In search of discontinuity in scientific research
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In search of discontinuity in scientific research

John P.A. Ioannidis is Director of the Prevention Research Center at Stanford University and holds the university’s C.F. Rehnborg Chair in Disease Prevention. Moreover, he’s Professor of Statistics at Stanford University School of Humanities and Sciences, one of the two Directors of the Meta-Research Innovation Center at Stanford, and a member of Stanford Cancer Institute and Stanford Cardiovascular Institute.

He was born in New York in 1965 and was raised in Athens. He was the best student in his class and won several awards, like the Panhellenic Award of the Hellenic Mathematical Society. He graduated first in his class at the University of Athens Medical School in 1990 and later received his PhD in Biopathology, before studying at Harvard University and Tufts University, where he did a fellowship in internal medicine and infectious disease, then he worked for NIH, Johns Hopkins and Tufts. From 1999 until 2010 he chaired the Department of Hygiene and Epidemiology at the University of Ioannina Medical School in Greece, as a tenured professor since 2003.

He has been adjunct faculty for the Tufts University School of Medicine since 1996. From 2008 to 2010, he led the Genetics/Genomics component of the Tufts Clinical and Translational Science Institute and the Center for Genetic Epidemiology and Modeling. “I am most thankful for having the opportunity to learn from my interaction with our multidisciplinary team and our many talented collaborators, new and older researchers, and students in particular”, Dr. Ioannidis admits. He has also been adjunct professor of epidemiology at the Harvard School of Public Health and visiting professor of epidemiology and biostatistics at Imperial College London.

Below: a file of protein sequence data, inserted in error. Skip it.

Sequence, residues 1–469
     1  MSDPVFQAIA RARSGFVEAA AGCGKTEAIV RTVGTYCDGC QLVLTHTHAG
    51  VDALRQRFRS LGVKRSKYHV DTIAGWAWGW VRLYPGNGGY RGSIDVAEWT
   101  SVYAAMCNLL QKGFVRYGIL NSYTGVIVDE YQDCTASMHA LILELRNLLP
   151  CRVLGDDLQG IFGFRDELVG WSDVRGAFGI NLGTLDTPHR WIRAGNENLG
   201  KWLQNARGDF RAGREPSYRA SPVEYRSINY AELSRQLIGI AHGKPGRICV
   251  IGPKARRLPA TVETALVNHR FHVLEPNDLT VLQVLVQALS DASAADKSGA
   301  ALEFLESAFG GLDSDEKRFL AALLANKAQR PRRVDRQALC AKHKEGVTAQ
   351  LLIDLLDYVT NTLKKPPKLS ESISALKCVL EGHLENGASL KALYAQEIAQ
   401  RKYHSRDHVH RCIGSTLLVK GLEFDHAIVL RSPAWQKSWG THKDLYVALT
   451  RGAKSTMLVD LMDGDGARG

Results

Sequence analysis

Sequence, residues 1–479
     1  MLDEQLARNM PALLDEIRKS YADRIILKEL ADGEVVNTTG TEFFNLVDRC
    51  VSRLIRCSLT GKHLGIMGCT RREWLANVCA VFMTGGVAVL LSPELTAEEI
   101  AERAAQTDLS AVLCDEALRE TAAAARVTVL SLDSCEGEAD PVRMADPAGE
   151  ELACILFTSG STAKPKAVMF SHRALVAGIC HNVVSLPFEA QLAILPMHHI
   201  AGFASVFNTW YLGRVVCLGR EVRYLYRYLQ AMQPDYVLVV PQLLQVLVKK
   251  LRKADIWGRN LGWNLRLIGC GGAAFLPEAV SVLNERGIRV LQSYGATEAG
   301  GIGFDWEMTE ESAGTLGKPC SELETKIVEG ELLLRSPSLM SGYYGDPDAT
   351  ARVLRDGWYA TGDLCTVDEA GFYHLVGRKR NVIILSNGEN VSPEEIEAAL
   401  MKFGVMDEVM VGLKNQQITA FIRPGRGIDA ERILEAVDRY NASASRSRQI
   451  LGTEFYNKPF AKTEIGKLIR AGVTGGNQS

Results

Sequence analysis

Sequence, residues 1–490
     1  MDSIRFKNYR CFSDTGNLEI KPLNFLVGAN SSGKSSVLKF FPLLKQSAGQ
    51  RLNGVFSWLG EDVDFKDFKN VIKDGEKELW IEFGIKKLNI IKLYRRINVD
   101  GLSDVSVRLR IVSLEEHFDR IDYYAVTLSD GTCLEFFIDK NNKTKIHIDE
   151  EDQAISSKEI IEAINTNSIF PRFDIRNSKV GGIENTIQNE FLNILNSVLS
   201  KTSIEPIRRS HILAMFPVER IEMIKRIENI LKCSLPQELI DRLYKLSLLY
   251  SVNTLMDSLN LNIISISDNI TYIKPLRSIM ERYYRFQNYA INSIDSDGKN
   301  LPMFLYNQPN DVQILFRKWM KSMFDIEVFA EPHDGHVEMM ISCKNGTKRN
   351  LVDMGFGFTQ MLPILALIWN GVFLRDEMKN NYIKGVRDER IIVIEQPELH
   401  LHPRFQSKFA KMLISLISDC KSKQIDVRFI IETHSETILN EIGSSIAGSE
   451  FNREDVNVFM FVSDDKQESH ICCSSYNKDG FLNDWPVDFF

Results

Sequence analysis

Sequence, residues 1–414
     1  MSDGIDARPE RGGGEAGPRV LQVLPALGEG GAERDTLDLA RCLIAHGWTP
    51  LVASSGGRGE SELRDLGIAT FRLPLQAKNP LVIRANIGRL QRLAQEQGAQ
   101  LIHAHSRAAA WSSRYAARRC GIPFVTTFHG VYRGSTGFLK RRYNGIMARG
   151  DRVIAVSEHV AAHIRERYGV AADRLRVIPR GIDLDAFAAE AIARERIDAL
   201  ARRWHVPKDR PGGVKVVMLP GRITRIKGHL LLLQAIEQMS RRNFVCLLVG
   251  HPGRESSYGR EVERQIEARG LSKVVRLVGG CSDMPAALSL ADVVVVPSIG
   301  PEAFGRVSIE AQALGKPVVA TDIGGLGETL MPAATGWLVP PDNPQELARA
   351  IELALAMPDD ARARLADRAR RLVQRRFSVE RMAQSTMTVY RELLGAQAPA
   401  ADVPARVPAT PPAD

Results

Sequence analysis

He is a member of the executive board of the Human Genome Epidemiology Network and senior advisor on knowledge integration at the National Cancer Institute of the United States. He has received several awards including the European Award for Excellence in Clinical Science for 2007 and was elected Honorary Member of the Foundation for Research and Technology-Hellas (FORTH) in 2014.

He is one of the scientists with the most publications worldwide. He became widely known in the universal medical community through his paper on “Why most Published Research Findings are False”, which has been the most-accessed article in the history of Public Library of Science, exceeding 1.2 million hits.

In 2014, he founded the METRICS center at Stanford University, without equal worldwide. METRICS’s mission is to detect lack of information and discontinuity in research published in scientific journals. METRICS fosters multi-disciplinary research collaborations with legal counsels, sociologists and professors of science philosophy. His wife Despina is a Clinical Associate Professor of Pediatrics and Infectious Diseases at Stanford University.

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